Saturday, July 9, 2011
Every Quaker Meeting I’ve ever attended has at least one elderly member(sometimes several) who seemed to embody Quakerism. They had lived long enough to develop a generous degree of patience and respond gently to the impetuosity of youth. For them, anyone less than 75 is considered youth. Euphrasia would evolve into this type of woman over time and in many ways was already there.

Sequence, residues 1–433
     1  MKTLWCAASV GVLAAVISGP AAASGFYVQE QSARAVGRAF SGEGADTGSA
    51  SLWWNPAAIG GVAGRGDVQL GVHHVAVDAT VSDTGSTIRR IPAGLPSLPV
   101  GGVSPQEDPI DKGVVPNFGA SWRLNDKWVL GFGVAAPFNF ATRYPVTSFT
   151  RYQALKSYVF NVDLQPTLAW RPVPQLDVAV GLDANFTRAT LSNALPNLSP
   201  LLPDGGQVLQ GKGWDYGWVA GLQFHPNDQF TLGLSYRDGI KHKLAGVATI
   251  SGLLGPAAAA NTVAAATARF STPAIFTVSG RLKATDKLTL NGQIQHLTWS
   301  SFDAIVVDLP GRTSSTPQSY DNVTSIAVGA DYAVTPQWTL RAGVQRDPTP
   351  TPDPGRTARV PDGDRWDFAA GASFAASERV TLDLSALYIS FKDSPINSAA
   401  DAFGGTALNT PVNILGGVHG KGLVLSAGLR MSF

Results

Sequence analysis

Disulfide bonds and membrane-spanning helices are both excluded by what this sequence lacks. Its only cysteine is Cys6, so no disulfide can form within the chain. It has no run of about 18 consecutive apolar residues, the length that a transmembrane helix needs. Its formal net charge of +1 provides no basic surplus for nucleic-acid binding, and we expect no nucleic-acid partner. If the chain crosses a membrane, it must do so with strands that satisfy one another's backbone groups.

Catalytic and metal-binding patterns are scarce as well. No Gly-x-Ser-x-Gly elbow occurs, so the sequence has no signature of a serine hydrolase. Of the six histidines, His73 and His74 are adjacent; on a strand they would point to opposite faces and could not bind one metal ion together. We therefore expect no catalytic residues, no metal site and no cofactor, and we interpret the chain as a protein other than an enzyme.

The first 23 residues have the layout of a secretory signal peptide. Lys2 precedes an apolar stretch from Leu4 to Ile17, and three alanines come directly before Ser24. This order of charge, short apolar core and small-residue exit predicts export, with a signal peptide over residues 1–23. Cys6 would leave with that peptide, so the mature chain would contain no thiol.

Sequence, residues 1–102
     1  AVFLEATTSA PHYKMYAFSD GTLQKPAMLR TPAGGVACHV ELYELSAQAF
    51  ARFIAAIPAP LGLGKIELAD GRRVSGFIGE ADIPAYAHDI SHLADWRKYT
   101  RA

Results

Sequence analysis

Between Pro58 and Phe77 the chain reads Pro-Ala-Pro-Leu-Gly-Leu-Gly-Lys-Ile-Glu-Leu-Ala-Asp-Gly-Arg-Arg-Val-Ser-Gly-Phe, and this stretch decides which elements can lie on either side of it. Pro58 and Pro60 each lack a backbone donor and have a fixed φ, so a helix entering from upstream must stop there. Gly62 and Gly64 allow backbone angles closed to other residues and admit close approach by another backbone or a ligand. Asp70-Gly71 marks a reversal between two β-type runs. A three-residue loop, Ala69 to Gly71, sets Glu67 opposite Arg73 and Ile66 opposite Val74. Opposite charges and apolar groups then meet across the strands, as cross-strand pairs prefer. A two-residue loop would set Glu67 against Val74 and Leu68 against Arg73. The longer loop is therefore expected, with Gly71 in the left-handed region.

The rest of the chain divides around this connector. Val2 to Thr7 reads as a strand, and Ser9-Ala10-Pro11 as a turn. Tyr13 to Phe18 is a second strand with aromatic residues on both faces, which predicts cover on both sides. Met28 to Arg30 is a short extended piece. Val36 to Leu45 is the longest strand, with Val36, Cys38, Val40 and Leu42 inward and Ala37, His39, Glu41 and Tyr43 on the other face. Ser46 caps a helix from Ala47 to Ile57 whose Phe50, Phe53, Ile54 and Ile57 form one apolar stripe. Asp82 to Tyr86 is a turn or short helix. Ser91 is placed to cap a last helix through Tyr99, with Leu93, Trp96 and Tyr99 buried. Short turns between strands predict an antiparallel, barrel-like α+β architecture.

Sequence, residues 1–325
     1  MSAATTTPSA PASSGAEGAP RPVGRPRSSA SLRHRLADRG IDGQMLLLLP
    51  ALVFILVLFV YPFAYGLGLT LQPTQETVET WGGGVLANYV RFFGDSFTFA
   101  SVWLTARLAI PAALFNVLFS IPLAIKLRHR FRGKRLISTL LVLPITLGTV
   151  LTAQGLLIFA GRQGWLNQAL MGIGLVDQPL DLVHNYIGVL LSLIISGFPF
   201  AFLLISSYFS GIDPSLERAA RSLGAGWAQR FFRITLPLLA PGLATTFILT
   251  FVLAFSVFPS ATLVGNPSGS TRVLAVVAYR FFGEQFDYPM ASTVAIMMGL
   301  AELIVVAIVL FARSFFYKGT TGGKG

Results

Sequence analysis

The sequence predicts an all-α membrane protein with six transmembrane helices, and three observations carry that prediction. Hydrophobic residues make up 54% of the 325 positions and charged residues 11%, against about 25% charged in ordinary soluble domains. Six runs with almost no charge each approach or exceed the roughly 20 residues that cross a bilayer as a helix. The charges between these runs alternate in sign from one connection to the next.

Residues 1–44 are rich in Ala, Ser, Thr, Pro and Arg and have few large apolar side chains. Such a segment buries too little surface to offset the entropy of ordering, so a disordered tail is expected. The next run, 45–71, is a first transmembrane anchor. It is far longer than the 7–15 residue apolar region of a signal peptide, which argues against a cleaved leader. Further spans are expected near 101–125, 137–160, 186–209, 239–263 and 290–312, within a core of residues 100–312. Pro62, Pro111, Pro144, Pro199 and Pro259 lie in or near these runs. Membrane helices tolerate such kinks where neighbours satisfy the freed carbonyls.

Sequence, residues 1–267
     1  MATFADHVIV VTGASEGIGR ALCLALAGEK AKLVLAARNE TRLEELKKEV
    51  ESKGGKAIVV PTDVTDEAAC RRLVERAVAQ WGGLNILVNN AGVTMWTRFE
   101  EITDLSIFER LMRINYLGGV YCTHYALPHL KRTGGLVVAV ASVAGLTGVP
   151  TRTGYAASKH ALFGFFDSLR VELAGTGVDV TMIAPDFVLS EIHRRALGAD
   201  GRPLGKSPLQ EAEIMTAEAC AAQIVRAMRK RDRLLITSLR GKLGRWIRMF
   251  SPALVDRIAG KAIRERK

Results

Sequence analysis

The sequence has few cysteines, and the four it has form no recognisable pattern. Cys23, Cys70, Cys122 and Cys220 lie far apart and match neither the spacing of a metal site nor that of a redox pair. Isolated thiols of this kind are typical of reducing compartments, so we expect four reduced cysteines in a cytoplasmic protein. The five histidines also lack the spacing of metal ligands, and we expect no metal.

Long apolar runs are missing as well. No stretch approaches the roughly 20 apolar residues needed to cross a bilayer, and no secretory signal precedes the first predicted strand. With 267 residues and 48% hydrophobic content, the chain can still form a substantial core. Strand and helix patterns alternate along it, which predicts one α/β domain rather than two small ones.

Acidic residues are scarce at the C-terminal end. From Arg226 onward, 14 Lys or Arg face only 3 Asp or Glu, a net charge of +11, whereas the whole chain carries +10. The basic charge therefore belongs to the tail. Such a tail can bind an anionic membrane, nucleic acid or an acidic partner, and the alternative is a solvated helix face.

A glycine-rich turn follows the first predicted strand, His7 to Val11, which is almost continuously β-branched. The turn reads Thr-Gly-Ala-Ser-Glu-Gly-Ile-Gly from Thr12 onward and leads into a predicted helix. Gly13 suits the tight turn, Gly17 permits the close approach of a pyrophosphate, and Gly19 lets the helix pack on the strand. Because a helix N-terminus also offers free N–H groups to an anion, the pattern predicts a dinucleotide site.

Euphrasia (pronounced: you-phrā-shă) is the name of a flowering plant found in the Alpine meadows and often used for herbal medicines. Euphrasia Hoole, for me, was my great-great grandmother, a wiry little thing from the one picture I have of her and a devote Presbyterian. She probably knew little if anything of Quakers. I am fortunate to have a couple of letters that she wrote in the late 1800’s. To my knowledge, no one in the family has ever chosen to remember her by passing her name along to any offspring. That may be a blessing, who’s to say? I chose to remember her by making her a character in my novel.